Aesthetica Necronomicon: Commit or Perish

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Isle of Dogs and Pacific Rim Dual Review


One might imagine that there is no connection between the two movies. It’s more I have the same complaints with both. I like Wes Anderson and Pacific Rim. I like Wes Anderson’s quirky, familiar style and his earthy characters. Pacific Rim is THE western robot story, a guide on HOW to do it, the weight, characters and music, all perfect. Fight me.

Isle of Dogs just doesn’t compare to the Fantastic Mr. Fox. The character development just isn’t there. The voice acting and animation is choice, of course, but everything else is lacking. The main character’s arc is just lackluster in comparison and it just seems he eased up on qualities that were there almost from the beginning. While Atari and his uncle Kobayashi are great, filled out and deep, no one else seems to match them. Seriously, Atari is straight alpha. Lastly, his films tend to have a crescendo of action for the climax. It felt lacklustre compared to his other works. While the detailed backgrounds and design carry the movie, and the animation is fluid as all hell, the things I really love out of Wes Anderson Films, gravitas, quirkiness and character arcs, just aren’t there like they should be.

Pacific Rim Uprising is offensive. Where Isle of Dogs merely fails at hitting near Wes Anderson’s best three films (Fantastic Mr. Fox, Moonrise Kingdom, and The Grand Budapest Hotel) PRU doesn’t even pretend to be the beaten red-headed stepchild of Pacific Rim. Gone is the weight, the gravitas, the dependence on perfect characters for the roles that needed to be there to make the story work. PRU’s characters are plastic cut outs and practically cookie cutter from committees. PRU’s action scenes lack all the weight and beauty of its predecessor. I still remember Cherno Alpha, Crimson Typhon, Eureka Striker and Gypsy danger. I remember ONE mecha from PRU, Obsidian Fury, the villain Jaeger which are probably the only scenes worth watching. John Boyega can’t act his way out of a wet paper bag and while returning characters and Clint Eastwood’s son give it their all, they’re drowned by the millstones the other acting performances give. Those kids deserved to die, and I’m sorry only one did. Seriously. The climax didn’t feel like a climax. The villain was OK but had none of the mystery that the aliens had. None of the super-colourful side characters like Hannibal Chau are around to keep B-plots (of which there are, like, none) going.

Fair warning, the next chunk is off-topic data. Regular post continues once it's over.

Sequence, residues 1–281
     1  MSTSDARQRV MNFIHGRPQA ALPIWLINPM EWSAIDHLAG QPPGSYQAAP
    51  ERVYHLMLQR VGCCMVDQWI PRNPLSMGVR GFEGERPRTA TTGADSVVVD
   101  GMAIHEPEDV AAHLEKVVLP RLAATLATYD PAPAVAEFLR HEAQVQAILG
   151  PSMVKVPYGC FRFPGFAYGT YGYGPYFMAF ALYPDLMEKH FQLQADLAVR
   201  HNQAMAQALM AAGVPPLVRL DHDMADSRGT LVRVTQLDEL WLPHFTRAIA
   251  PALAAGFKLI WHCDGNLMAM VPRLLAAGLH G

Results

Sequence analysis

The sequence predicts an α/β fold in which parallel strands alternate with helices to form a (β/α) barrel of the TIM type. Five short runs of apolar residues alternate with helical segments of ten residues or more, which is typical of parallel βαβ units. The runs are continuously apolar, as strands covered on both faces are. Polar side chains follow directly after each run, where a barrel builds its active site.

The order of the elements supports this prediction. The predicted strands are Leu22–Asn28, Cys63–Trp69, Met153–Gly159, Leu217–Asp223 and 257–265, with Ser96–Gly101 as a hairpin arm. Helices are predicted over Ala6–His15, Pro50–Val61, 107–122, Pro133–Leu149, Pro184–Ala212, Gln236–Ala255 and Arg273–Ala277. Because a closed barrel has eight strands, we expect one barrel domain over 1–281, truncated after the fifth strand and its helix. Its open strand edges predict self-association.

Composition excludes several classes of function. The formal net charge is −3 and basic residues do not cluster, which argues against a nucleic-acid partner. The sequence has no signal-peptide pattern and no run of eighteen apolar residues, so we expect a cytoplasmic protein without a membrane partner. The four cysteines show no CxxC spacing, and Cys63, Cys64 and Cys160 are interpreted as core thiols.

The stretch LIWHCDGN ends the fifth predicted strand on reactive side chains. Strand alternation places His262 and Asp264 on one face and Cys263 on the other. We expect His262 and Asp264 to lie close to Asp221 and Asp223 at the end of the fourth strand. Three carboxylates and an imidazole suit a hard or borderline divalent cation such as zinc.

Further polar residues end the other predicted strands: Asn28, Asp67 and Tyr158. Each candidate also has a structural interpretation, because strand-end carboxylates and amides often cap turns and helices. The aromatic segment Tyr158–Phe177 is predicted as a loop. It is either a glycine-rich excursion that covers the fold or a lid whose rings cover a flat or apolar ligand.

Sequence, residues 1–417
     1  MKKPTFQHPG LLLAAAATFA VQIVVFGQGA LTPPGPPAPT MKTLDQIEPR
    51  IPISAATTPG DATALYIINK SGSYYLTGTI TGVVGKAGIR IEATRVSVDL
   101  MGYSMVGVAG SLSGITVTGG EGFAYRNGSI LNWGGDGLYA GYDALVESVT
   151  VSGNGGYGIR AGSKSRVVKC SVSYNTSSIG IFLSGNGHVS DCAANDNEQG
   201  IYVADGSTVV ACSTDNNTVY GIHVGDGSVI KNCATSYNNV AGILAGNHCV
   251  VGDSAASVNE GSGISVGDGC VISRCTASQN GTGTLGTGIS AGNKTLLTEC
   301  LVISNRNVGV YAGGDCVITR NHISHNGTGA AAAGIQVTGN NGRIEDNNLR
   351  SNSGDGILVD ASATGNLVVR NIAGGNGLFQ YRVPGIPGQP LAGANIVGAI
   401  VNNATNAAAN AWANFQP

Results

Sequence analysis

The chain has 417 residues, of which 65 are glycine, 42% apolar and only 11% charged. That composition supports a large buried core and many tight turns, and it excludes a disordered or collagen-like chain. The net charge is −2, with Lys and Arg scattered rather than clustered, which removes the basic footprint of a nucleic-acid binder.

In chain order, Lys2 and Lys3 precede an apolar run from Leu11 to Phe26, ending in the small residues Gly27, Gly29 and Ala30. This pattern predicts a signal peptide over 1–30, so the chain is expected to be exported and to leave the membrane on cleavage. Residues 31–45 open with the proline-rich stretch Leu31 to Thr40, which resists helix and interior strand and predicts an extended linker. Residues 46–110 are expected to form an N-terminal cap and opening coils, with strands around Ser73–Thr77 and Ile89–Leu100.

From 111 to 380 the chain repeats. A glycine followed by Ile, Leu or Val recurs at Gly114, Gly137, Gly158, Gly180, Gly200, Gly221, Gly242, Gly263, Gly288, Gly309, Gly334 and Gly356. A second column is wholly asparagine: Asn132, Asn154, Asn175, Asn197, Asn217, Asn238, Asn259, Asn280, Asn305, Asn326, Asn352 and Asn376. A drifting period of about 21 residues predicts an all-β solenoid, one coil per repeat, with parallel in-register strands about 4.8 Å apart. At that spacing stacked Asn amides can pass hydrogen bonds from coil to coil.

Ultimately, the movie did start strong, and the Gypsy Avenger VS. Obsidian Fury fights actually felt good, nothing else did. Isle of Dogs is watchable, but Pacific Rim Uprising is a damn waste of money and I hope it fails. I am going to die someday. I wasted an amount of it equal PRU’s runtime. I should have left the theatre. Like the critic from Ratatouille, I shouldn’t have to finish anything (media-wise) that I don’t like. And just so you know, the Iron Chamber of Memory served much the same purpose for me, thematically, as that dish. Instead of watching those movies, put the money into books from Superversive press. Unlike John Boyega’s acting career, they’ll survive the apocalypse and physical copies can be used without electricity.

Here’s a youtube video from Mother’s Basement, by his holiness, the Anime Pope, who explains PRU’s terribleness pretty good.


What would an evil bard with a demonic guitar look like? Sadly, I haven’t put this to anything. Yet.

“Ten Generations, my family Safeguarded,
This guitar, Demon haunted,
But their strats were dim-witted!
And the by the black sheep, they were Slaughtered!”
Demon Groupies pop out of nowhere, a swirl of succubi and incubi just everywhere
“I’ve been hired to sing your Coronach
A dirge-worthy day to end your life
I swear you won’t be coming back!
There’s no escape from this strife!
A horned demon pops out of his back. The heroes get into a fight


I think I need to start writing metal. I think I’d be good at it.

Digibro’s Writing Goals

Here’s something interesting. I like Digibro, I like his work, I don’t really think I’d like him as a person. The problem with creating something TOO MUCH like you is that it might not be good. You might not have more than one novel in you. Don’t force it. The reason why Rowling, for all her millions, produces very little on her own (compared to some like Heinlein or Howard), and I wouldn’t be surprised if things like “Fantastic Beasts” turned out to be ghost written (or heavily co-written).